I had lunch the other day with a good Christian friend. He brought up the issue of free will, a subject that had weighed heavily on his mind recently. He confided with me that he thought he heard the voice of God speak to him one day.
This is what the Lord supposedly told him.
“Free will is the greatest gift I have given to man.” – Or something close to that.
My friend did a remarkable thing after hearing the word of the Lord, something I see very few Christians do when they supposedly hear God speak to them.
He discerned the message.
He rightly divided the word of truth. He questioned the scriptural integrity of those words. He did as Spurgeon advised; judged the right from the almost right.
See, the words ‘free will is God’s greatest gift’ may sound good, right and true on the surface, especially in the midst of a doctrinally confused generation of semi-Pelagians dominating the face of evangelicalism.
But is the notion scriptural?
I posed the question ‘where does the bible speak of free will being God’s greatest gift?’, but my friend was way ahead of me. He shook his head and said, “It doesn’t.” Later in the conversation he brought up John 3:16 noting, “I thought the bible said God giving his only Son was his greatest gift.” I nodded in complete agreement. It appears scripture contradicts the voice of God – and the written word always trumps subjective revelations.
If free will is indeed God’s greatest gift, John 3:16-17 should read this way:
For God so loved the world that he gave free will, that man may make choices unconstrained by the necessity of his nature, to decide for himself whether he will perish or have everlasting life. For God did not give free will to the world in order to condemn the world but in order that through free will the world might be saved.
Sounds kind of funny when put like that, but this just exposes how ridiculous the concept of free will is. The bible nowhere speaks of the power or virtue of free will. It is a philosophical construct that attempts to bestow a power upon man that the bible clearly states he does not possess.
I have heard many evangelicals over the years (myself included) who have made similar statements that free will is God’s most precious gift, a virtue that he would never dare violate. They even go so far as to say if God doesn’t grant man absolute freedom to choose or reject him he must be the most vile and cruel dictator in the cosmos. A view like this frames a reality where even God is subject to a greater force than himself. He may seek to save each and every person, not willing for any to perish, but in the end must yield to the grand virtue of man’s autonomous will – and watch helplessly as the majority of mankind plummets into hell by their own choice. This impotent picture of God is pathetic and blasphemous.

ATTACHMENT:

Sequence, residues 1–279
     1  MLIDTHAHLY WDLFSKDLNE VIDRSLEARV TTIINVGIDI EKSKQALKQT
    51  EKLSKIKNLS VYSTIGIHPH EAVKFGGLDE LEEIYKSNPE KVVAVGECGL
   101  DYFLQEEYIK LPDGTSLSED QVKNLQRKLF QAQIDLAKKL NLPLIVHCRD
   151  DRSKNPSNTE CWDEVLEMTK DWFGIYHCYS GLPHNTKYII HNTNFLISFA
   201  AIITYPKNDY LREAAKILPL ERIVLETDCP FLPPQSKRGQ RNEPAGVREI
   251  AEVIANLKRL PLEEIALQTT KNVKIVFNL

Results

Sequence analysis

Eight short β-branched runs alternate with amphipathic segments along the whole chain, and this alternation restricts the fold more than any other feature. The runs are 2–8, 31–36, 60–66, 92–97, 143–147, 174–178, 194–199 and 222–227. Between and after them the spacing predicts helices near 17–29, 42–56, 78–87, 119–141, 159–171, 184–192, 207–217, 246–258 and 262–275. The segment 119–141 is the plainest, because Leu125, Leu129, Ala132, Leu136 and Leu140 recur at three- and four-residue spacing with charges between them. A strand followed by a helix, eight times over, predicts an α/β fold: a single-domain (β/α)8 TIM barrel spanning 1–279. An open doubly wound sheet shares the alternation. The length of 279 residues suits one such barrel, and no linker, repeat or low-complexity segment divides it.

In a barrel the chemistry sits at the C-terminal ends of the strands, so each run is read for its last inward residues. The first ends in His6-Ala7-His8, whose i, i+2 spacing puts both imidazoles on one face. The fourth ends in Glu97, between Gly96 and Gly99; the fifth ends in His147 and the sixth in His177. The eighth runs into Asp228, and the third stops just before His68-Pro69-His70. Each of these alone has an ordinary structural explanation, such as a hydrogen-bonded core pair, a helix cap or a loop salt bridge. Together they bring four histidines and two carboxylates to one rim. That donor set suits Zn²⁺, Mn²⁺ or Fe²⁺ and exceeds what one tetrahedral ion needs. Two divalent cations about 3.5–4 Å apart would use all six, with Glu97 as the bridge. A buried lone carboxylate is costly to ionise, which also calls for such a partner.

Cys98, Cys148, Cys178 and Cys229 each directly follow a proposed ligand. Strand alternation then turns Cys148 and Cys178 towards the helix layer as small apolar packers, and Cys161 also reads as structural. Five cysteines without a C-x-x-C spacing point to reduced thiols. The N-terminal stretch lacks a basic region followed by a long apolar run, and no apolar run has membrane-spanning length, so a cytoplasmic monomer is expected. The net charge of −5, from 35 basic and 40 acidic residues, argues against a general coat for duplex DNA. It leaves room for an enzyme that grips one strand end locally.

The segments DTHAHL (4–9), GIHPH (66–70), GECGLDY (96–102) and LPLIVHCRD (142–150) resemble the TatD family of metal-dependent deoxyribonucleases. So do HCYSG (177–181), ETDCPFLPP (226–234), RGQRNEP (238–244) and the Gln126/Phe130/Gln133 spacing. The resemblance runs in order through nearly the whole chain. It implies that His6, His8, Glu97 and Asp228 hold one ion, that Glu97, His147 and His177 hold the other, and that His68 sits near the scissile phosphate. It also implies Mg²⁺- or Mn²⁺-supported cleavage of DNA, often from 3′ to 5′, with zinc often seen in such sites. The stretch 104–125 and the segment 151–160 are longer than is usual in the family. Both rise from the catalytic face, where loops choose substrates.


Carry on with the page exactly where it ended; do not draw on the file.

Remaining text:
This leads to an important question: Does God work all things for the end purpose of exalting man’s freedom to choose, or for his own glory? I think we all know what most Christians would say – or should say if they wish to remain consistent with their own theology.
‘Free will must be protected at all costs! God sacrificed his Son so we could have a choice between heaven and hell.” So goes the cry of the modern church. Christ did not die simply for our sins, they claim, but also to give us a choice to decide our own destiny. In this man-centric theology all truth revolves around the will of man and its awesome power to decide for good or for evil all its own.
The Westminster Shorter Catechism asks this poignant question:
What is the chief end of man?
Man’s chief end is to glorify God and to enjoy him forever.
‘What dunderheads!’ proclaim today’s free-willogians. ‘God doesn’t work all things to bring glory to his name. What a self-centered and prideful portrait that paints of our loving Creator!’
Their answer, in light of post-modern thought about libertarian will, should read like this:
The chief end of man is to exercise his free will and enjoy it forever – provided he makes the right choices of course!
At the end of our lunch I asked my friend pointedly, “So do you believe man has any free will?”
He paused for a second then shook his head.
We do not stand alone in this conviction. I have seen an awakening recently among God’s people about the essential, but long-forgotten doctrines that arose from the fires of the Reformation. We have for too long abandoned the core doctrines of the Christian faith that causes us to see man for what he truly is and God for who he truly is. These core beliefs help to clearly define the great chasm that exists between us. A true understanding of scripture leads to a humility that produces sorrow, repentance and a faith which calls out for our mighty Savior to extend his arm and save us to the uttermost, when we do not have the ability or inclination to do so of our own power.
For more teaching on free will please check out the following links: